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Are Health Information Exchanges Worth the Money?
Health information exchanges (HIEs) are supposed to improve the speed, quality, safety, and cost of patient care, but there is little evidence of that in existing HIE benefit studies, according to an article published in Health Affairs.
Researchers assessed 27 HIE benefit studies, said co-author Dr. Nir Menachemi, chair of the Department of Health Policy and Management in the Richard M. Fairbanks School of Public Health at Indiana University–Purdue University Indianapolis. He was at the University of Alabama at Birmingham when the review of the HIE studies was conducted.
HIEs allow doctors, nurses, pharmacists, and other health care providers to share a patient’s computerized medical information electronically. For the new study, researchers analyzed data from previous HIE benefit studies, looking for evidence that HIEs boosted efficiency, reduced health care costs, or improved outcomes.
“There is no strong, documented evidence in the studies that health care benefits are directly attributable to the use of HIE, rather than being correlated or incidentally related,” Menachemi said.
To be clear, the paper isn’t saying that there are no benefits from the use of HIE, Menachemi said. “It's simply premature to say if we have or have not gotten our money’s worth out of HIE.”
In the paper, the authors write: “There is a dearth of rigorous studies that link HIE adoption to clear benefits. Moreover, the scant high-quality evidence that does exist was conducted in disparate settings and evaluated different outcomes.”
“We need to eliminate any confounding issues implicating the correlation between benefits and HIE,” Menachemi added. “For example, how do we know that the correlation between computerization and good outcomes isn’t really just being driven by the fact that early adopters of HIE are exemplary health care providers? We need to rule out those kinds of things.”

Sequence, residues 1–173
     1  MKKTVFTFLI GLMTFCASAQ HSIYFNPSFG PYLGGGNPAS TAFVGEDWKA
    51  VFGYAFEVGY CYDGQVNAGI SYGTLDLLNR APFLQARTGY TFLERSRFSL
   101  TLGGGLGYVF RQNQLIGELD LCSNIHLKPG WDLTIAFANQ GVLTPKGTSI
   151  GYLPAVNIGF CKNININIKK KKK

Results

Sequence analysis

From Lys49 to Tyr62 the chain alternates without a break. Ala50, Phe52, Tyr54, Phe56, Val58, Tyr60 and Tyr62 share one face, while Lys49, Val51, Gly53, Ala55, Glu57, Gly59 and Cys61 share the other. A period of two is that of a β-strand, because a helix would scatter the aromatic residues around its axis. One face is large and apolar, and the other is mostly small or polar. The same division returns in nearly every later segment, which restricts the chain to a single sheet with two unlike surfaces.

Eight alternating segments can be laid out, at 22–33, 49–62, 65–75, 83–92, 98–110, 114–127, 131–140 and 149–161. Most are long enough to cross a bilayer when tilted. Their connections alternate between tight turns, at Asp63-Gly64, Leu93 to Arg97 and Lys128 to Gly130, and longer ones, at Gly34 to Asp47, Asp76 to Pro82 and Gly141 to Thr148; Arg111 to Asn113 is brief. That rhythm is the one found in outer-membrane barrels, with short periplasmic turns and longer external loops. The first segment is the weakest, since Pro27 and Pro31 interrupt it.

Prior studies that were designed to identify causal relationships were significantly less likely to find a benefit from HIEs for all outcomes except health care cost measures than were studies not using such designs.
Two of six such studies found beneficial effects of HIEs largely as a result of a reduction in diagnostic and imaging tests, associated costs, or both, and these studies were conducted in a single clinic affiliated with an Indiana hospital or in one health care system in Israel.
Menachemi said he would be hard pressed to say for sure that these benefits will happen in every health care setting that computerizes and uses HIEs. “We still expect HIE benefits will accrue, but currently no one has been able to demonstrate in a general and convincing way that we can expect to see these benefits,” he remarked.
There are several possibilities why that’s so, Menachemi said. One is that the use of HIEs in the U.S. is still in its infancy. Most studies focus on first-generation systems and exchanges in institutions where active usage is low. Widespread, meaningful use of HIEs may allow better evaluation of their adoption, he remarked.
Menachemi hopes to do just that, now that he is in Indianapolis, where an earlier HIE benefit study was conducted at a hospital clinic. Given that central Indiana is home to what is probably the most mature HIE system in the country, there is a “huge opportunity to generate evidence of HIE benefits using more rigorous studies than have been done in the past,” he said.
Source: Medical Xpress; March 25, 2014.